Why are protesting in Spain

The reason for mass strikes and rallies in Spain was the country’s dire economic situation. The state of production was expressed in the figure of 8.9% – such was the deficit of domestic gross product (GDP) in the year ended. The country has the highest unemployment rate in Europe – at the beginning of the year it was 21%, and by the summer rose to 24%. Economic problems led to the ruling party’s electoral defeat and a change of government. Spain’s new prime minister, Mariano Rajoy, introduced a budget to parliament in the spring, in which brutal austerity measures are laid. In the process of its implementation, workers and employees in state-supported industries – mining, health care, education, etc.

Of course, such measures could not help but trigger protests, which have been taking place in Spain since the beginning of the year in an organized manner, union-led and spontaneous manner. One of the most high-profile actions of this kind – the indefinite strike of miners – has already gone through the stages of natural protests and clashes with police in the north of the country, a multiday march of miners to the capital and a rally, $ which gathered several hundred thousand people in Madrid. The biggest outrage at the beginning of the year was caused by Spaniards that the European Union began financial assistance not from the state sector, but with the support of banks – the stability of the financial structure of ordinary Spaniards cares less, than losing your own job.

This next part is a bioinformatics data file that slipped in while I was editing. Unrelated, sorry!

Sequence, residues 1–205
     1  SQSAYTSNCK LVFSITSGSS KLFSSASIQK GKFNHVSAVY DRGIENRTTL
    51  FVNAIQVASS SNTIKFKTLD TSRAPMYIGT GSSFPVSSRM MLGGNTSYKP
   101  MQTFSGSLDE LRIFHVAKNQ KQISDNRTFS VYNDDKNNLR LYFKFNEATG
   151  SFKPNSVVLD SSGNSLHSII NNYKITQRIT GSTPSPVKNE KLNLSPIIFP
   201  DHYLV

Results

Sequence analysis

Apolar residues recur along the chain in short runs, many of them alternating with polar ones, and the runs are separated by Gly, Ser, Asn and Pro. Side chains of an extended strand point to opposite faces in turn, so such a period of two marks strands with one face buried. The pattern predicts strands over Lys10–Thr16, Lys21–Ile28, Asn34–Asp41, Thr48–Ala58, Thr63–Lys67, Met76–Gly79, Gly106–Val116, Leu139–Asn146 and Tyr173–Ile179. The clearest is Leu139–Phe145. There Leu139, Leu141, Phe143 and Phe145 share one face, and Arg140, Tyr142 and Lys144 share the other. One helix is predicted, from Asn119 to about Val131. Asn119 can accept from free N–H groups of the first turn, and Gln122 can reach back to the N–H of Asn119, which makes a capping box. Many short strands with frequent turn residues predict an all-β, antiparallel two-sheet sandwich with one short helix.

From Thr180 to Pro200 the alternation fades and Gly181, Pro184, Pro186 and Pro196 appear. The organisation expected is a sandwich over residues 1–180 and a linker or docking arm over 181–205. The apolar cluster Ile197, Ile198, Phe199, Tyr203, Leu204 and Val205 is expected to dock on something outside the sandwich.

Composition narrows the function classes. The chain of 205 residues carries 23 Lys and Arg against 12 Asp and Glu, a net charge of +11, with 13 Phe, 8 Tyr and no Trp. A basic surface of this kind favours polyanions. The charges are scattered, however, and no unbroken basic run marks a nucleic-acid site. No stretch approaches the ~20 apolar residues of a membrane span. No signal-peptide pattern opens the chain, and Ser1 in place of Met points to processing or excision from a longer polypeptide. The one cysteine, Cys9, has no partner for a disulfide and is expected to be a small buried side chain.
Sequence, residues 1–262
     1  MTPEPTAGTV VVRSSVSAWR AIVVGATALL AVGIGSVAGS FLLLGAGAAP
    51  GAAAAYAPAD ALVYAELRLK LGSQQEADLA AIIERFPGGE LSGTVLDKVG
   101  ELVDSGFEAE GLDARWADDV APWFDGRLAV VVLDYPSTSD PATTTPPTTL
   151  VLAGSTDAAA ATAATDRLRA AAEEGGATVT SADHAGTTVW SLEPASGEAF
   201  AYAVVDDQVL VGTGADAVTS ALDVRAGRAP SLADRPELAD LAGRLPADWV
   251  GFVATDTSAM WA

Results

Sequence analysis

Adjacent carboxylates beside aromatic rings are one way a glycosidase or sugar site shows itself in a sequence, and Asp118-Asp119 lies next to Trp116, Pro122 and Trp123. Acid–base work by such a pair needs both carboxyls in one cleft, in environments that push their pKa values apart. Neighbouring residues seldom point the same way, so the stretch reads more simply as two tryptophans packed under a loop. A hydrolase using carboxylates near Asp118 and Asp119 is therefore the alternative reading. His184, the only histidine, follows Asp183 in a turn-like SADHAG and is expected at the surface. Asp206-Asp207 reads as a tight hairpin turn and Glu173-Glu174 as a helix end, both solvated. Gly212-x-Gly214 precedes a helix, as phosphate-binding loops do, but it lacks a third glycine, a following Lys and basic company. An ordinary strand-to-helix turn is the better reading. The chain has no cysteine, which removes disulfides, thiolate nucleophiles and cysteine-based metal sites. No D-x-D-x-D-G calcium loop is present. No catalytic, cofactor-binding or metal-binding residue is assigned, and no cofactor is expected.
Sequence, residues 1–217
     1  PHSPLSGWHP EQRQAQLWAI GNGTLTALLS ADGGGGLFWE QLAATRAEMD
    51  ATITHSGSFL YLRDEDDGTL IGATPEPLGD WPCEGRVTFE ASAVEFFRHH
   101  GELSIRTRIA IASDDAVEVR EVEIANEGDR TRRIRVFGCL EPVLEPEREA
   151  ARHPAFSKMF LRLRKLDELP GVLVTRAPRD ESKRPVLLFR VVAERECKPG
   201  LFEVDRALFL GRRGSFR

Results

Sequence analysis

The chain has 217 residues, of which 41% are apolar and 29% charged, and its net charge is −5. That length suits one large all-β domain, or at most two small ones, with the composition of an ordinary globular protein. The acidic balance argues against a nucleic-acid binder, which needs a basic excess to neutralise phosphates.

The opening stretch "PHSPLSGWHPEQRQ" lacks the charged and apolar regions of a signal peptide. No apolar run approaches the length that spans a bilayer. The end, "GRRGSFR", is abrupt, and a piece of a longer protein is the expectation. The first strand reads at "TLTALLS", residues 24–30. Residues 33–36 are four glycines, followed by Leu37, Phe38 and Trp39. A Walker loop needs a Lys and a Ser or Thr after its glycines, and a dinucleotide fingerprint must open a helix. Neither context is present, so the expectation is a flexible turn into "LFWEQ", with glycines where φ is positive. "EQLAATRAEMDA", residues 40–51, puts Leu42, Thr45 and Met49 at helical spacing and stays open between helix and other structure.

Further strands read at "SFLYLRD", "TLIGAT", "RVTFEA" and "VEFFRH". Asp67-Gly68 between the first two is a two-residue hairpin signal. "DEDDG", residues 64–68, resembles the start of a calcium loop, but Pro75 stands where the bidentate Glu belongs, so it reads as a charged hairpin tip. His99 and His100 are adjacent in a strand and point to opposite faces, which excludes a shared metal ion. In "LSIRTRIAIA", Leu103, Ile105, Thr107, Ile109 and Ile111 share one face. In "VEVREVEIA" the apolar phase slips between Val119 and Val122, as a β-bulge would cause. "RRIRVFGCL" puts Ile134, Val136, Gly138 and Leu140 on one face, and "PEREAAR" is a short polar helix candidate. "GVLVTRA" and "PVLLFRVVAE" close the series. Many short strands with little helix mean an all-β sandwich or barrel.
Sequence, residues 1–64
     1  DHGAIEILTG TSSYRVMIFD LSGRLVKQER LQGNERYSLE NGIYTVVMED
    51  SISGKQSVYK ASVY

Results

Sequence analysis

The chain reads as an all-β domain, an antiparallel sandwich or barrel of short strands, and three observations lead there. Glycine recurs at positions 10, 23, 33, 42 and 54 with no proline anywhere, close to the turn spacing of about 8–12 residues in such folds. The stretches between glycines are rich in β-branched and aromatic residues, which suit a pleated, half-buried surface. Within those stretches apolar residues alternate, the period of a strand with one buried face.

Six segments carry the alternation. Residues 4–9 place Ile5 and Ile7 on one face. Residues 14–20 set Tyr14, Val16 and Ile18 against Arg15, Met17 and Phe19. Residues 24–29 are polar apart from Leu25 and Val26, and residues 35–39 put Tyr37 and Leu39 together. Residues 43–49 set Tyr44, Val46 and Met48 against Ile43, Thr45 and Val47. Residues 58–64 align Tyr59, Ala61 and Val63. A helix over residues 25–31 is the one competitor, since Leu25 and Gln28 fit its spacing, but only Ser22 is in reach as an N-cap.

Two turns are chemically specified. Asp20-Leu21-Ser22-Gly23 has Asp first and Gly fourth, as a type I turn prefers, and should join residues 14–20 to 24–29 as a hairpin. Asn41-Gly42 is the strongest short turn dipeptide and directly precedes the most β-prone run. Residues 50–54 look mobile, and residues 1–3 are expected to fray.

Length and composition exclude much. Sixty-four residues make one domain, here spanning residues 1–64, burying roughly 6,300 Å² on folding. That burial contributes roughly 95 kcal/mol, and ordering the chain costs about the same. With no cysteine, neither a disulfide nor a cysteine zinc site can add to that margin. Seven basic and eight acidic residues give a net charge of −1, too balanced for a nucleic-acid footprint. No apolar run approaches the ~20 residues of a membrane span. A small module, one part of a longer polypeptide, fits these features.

Meanwhile, the government is steadfastly continuing its course despite mass protests. The financial situation of the population for the first quarter deteriorated by almost 10% compared to the same period in 2011, and yet in the summer the Prime Minister announced a rise in value-added tax by 3% (up to 21%), a decrease in unemployment benefits, a decrease in traditional Christmas bonuses. There are no prerequisites yet to lower the level of protests in Spain in coming months.

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